Category Archives: Office 365

Fix for SSO with Office 365 ProPlus (2016) and ADFS

If you are using an Office 365 ProPlus version prior to 1808, along with Windows 10 1703 or later, you may have an issue where Office applications do not use SSO to sign in, and after users enter their email address, they then have to enter their username and password again in the ADFS login form. This is due to issues with Web Account Manager (WAM), which is used for authentication instead Azure Active Directory Authentication Library (ADAL) with Office 365 ProPlus on recent versions of Windows. Other issues we have seen include:

  • Being unable to obtain a license for Office at all, and Office going into reduced functionality mode, especially if you are using Shared Computer Activation
  • Activation issues after changing password or UPN
  • Repeated requests to enter passwords
  • Showing users a screen asking if they want to add the account to Windows

Fortunately, there is a fix for this, which is listed in a Microsoft article, which lists several symptoms but doesn’t specifically mention SSO issues.

Firstly, if you are running a Windows 10 build later than 1703, you will be using ADAL. So firstly, make sure you have this enabled in your ADFS infrastructure.

Enable ADAL Enable WS-Trust 1.3 for Desktop Client SSO ADAL

In your ADFS console, check the following endpoint shows enabled (/adfs/services/trust/13/windowstransport):


If not, run the following PowerShell command on your ADFS server to enable the endpoint for WS-Trust 1.3:

Enable-AdfsEndpoint -TargetAddressPath "/adfs/services/trust/13/windowstransport"

Apply the ADAL registry fix

Now you may find that SSO still does not work, and that users get a second username and password prompt, instead of SSO taking care of it. This is listed at

Create a Group Policy Object to add the following registry value at user login, or test using a reg file:

Windows Registry Editor Version 5.00

In my testing, this reverted the Office sign in process to the proper behaviour, SSO is seamless and transparent, the user never has to enter their credentials.

Single Sign on (SSO) with Chrome & Firefox and ADFS 4.0

This is how to enable SSO with browsers other than IE and Edge using ADFS 4.0. This is done by adding the browser user agents to the ADFS config.

First, confirm the current config:

Get-AdfsProperties | select -ExpandProperty wiasupporteduseragents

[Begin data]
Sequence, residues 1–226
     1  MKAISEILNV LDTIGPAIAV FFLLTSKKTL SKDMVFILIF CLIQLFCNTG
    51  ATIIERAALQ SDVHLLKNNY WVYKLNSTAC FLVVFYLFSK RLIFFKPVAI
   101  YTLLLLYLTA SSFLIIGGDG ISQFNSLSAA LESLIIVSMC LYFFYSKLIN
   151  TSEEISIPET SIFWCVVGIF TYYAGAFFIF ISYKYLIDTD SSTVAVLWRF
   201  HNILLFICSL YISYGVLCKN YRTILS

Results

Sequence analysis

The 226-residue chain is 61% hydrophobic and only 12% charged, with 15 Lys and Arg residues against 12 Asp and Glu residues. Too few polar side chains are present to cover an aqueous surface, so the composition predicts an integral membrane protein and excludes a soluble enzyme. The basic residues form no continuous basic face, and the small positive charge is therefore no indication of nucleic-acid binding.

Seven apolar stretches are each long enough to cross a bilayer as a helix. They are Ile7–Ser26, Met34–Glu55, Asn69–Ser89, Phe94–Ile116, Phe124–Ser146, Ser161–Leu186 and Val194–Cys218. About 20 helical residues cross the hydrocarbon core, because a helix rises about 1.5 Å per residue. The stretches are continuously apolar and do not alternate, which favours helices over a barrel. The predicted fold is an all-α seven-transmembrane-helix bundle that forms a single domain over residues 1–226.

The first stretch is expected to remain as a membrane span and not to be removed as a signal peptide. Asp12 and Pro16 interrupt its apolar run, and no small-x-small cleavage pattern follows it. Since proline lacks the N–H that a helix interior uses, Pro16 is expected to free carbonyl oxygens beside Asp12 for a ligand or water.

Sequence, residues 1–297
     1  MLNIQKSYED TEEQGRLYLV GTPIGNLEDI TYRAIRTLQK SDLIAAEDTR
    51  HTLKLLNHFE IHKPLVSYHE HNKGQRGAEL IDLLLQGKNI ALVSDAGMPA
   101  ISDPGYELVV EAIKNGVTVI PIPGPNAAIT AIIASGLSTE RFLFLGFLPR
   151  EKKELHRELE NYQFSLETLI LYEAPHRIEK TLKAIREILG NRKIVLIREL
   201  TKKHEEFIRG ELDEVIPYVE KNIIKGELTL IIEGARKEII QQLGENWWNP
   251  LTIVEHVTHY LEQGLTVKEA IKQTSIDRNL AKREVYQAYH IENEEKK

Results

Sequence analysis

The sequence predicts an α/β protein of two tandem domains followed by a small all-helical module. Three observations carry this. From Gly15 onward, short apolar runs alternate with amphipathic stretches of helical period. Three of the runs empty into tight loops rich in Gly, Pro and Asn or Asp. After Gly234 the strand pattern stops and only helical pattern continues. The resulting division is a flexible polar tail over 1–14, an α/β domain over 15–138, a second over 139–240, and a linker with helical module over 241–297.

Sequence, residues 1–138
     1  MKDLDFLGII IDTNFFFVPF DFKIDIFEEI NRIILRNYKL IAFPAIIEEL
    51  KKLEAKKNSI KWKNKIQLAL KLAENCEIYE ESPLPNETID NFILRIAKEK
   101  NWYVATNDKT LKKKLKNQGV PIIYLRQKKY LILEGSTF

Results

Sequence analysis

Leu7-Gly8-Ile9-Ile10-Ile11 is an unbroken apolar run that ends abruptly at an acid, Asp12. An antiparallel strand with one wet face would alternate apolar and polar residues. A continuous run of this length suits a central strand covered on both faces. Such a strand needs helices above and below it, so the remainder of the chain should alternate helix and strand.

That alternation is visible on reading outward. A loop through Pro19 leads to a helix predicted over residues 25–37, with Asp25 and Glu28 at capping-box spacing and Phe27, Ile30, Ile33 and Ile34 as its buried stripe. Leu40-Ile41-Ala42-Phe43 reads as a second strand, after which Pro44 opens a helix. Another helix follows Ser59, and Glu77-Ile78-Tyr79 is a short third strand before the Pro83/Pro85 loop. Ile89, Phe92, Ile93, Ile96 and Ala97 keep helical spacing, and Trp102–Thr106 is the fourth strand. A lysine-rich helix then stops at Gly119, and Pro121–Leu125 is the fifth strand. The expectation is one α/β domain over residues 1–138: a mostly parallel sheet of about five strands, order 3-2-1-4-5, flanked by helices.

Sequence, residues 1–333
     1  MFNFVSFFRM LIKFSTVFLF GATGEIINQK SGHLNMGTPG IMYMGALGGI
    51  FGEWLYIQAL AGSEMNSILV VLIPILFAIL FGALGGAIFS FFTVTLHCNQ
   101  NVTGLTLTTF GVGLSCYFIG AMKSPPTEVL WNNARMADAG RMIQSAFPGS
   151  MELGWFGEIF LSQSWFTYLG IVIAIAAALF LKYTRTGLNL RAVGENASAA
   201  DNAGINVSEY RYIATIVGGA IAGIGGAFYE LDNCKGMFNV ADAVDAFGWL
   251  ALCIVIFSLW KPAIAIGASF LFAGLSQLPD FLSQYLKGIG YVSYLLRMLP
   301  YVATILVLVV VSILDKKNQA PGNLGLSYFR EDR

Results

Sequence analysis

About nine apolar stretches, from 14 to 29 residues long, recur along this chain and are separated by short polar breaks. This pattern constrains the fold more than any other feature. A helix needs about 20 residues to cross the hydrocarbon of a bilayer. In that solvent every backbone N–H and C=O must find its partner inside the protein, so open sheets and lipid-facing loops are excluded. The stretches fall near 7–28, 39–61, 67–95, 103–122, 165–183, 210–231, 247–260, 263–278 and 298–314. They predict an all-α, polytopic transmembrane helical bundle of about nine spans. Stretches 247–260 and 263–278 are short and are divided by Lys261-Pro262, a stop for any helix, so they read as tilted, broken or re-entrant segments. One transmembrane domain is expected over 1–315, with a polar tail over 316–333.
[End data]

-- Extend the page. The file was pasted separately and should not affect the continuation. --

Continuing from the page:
MSIE 6.0
MSIE 7.0
MSIE 8.0
MSIE 9.0
MSIE 10.0
Windows Rights Management Client

Now we add Chrome, Firefox, and any other Mozilla compatible browser:

Set-AdfsProperties -WIASupportedUserAgents ((Get-ADFSProperties | Select -ExpandProperty WIASupportedUserAgents) + "Mozilla/5.0")

Check the result:

MSIE 6.0
MSIE 7.0
MSIE 8.0
MSIE 9.0
MSIE 10.0
Windows Rights Management Client

Now, restart ADFS:

net stop adfssrv
net start adfssrv

Note that you could also add individual browsers instead of Mozilla/5.0 in case you wanted some browsers supported and not others. For example you might use Firefox for Global Admin users connecting to Office 365, so they can be signed into the Windows with one account, and use an Admin account to login to Office 365 using Firefox. So you could use something like this:

Set-AdfsProperties -WIASupportedUserAgents ((Get-ADFSProperties | Select -ExpandProperty WIASupportedUserAgents) + "Chrome" + "Firefox")

Test using Chrome or Firefox, and you should find that SSO is working properly.

Note that Firefox also requires some client side configuration. Type in about:config and add the address of your ADFS server (e.g. to network.automatic-ntlm-auth.trusted-uris.



If you have any issues or want to remove this, you can reset the list to the default as follows:

Set-ADFSProperties -WIASupportedUserAgents @("MSAuthHost/1.0/In-Domain", "MSIE 6.0", "MSIE 7.0", "MSIE 8.0", "MSIE 9.0", "MSIE 10.0", "Trident/7.0", "MSIPC", "Windows Rights Management Client", "MS_WorkFoldersClient","=~Windows\s*NT.*Edge")

Best practices for Office 365 Admin accounts

Administering Office 365 requires special consideration in order to ensure that your service is both manageable and secure. Optimal configuration requires a balance between security, usability, and availability, so all of these need to be considered when planning a strategy. However, the following is a general set of guidelines that can be applied to most deployments, whether they are federated or cloud only.

  • Create separate ‘Admin’ accounts for IT staff which are cloud accounts (using, don’t assign internal user accounts admin roles. When your domain is federated, these accounts will still work if there is any issue with ADFS.
  • Enable MFA for all Office 365 Admin accounts.
  • Set the password policy for cloud accounts so that it at least matches your on-premises password policy. Even if your domain is federated via ADFS, the password policy will apply to cloud only admin accounts. Note that you can only enforce password age and length, not complexity. If your on-premises policy is not particularly secure, set the policy to at least 10 characters long, and advise your admin users to use a mixture of capital and lower case letters, numbers and special characters. This won’t affect internal users, since the password policy is enforced by Active Directory.
  • Don’t assign admin accounts a license. It is not generally required, and this will prevent a mailbox being created and the accounts appearing in the GAL, which could cause confusion. However, there are some instances where a license may be required for Exchange or Intune admin functions which can make this problematic, in which case assign a license only when required.